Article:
As you can see, the syntax is similar and if you already know JavaScript you can read the ActionScript code and understand what's going on.

Set Up an ActionScript Environment

Learning to program JavaScript is simplified by the fact that all browsers support JavaScript natively and mainstream browsers include a JavaScript console to help with development. So it's easy to write code and see what happens by simply loading it in the browser and keeping an eye on the console to find errors and other messages from the browser. Programming ActionScript isn't as straightforward. You need to set up a programming environment that supports ActionScript and can run the code before you export it as an SWF file to be run by the Adobe Flash Player.

There are at least three major implementations of the ActionScript language which you can use to set up a programming environment:

  • Adobe Flash Products: Adobe Animate CC is the modern equivalent of Adobe Flash Professional, and is used to build animations for deployment on the web. Adobe Air is used to package up Flash-powered content as a stand-alone application for installation on Windows, Mac OS, iOS, Android, and other operating systems.
  • Scaleform from Autodesk: a proprietary gaming user interface design tool used to create Flash-powered graphics. Scaleform is used along with Autodesk Stingray, a professional video game development platform.
  • Apache Flex: an open-source framework which can be used to develop applications for iOS, Android, and Blackberry mobile devices, as well as traditional Windows and Mac OS desktop applications.

Of the available options, Adobe Animate is the easiest program to get started with. However, it isn't free. If you want to get started with ActionScript without investing in a proprietary development environment Apache Flex is your best bet.

Learning Resources

Use the resources below to pinpoint the educational content that best fits your current needs and knowledge level.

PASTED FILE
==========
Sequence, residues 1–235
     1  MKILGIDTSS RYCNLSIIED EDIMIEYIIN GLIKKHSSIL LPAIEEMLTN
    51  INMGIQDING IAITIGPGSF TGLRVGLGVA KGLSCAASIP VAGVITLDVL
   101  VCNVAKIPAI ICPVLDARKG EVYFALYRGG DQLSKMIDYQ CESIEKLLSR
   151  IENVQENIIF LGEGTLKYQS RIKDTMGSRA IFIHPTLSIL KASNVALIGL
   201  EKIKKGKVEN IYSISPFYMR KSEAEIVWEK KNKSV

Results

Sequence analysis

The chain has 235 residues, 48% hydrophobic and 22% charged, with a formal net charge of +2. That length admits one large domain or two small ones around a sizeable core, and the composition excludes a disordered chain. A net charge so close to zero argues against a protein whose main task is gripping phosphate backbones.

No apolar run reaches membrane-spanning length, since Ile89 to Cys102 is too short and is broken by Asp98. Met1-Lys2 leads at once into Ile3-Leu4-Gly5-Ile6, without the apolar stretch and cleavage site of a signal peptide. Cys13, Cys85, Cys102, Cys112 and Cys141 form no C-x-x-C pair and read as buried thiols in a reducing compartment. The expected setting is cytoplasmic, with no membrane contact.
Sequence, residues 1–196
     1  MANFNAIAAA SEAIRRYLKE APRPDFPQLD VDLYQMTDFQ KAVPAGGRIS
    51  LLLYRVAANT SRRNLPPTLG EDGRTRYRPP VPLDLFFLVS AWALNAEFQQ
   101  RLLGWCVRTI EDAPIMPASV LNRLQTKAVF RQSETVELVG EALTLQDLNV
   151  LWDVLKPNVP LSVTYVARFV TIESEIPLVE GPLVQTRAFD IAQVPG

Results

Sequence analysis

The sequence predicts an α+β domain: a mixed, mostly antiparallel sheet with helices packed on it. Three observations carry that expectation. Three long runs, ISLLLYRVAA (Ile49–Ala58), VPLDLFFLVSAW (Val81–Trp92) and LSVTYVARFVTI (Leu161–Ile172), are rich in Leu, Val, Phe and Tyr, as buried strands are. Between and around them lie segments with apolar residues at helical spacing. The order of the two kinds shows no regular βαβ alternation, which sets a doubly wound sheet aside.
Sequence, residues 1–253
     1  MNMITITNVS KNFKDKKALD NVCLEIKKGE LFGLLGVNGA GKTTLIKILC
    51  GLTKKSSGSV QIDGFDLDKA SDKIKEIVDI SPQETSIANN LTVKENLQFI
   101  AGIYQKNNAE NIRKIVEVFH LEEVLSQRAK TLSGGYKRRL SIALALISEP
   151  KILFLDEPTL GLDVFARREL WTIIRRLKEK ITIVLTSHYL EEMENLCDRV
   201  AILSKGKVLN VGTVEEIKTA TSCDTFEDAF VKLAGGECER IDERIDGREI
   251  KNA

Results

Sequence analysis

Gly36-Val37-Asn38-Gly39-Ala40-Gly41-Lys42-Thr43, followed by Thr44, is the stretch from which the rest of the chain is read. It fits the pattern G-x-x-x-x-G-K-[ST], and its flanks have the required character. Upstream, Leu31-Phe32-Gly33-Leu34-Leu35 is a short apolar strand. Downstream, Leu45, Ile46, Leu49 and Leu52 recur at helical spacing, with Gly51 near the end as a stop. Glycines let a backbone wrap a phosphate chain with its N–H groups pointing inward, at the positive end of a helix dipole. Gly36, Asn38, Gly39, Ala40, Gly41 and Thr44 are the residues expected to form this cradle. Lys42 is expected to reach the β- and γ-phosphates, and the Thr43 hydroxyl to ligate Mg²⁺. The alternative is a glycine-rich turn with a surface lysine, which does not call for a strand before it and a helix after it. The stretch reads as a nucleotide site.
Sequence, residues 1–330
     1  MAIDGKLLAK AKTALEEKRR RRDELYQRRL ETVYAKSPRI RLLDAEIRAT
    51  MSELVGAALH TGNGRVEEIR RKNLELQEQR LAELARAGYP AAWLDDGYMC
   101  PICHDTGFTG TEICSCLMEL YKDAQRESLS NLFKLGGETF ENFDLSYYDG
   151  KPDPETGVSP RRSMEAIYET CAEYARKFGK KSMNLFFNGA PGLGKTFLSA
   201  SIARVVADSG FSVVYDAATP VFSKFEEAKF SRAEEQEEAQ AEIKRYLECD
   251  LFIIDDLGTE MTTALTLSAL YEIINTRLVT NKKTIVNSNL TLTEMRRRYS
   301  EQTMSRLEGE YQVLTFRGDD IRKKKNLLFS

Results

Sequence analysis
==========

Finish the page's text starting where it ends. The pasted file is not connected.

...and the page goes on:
Apache Flex Guides

If you've decided to work with Apache Flex here are two resources to help you get Flex set up and running:

Guides and Tutorials

With your ActionScript environment set up, you're ready to start learning. In this section we highlight some of the best free online AS3 guides and tutorials.

Learn by Building

ActionScript is perhaps most often used to develop Flash-based browser games. If you want to build simple games, there's no faster way to learn AS3 than to learn as you build simple Flash games:

Reference Documents

If you're stuck looking for a specific function or language feature the official reference documents are the right place to find the information you need.

Books

Most professional developers get to the point that online tutorials no longer provide the depth they need to take their skills to the next level. That's when in-depth technical texts come in handy. The books below are the most popular and useful AS3 texts.

Summary

ActionScript 3.0 is a powerful object-oriented language which can be used to create interactive website features, web-based applications, games, desktop applications, and mobile device apps. If you want to become a Flash developer, adding AS3 proficiency to your qualifications is an important step.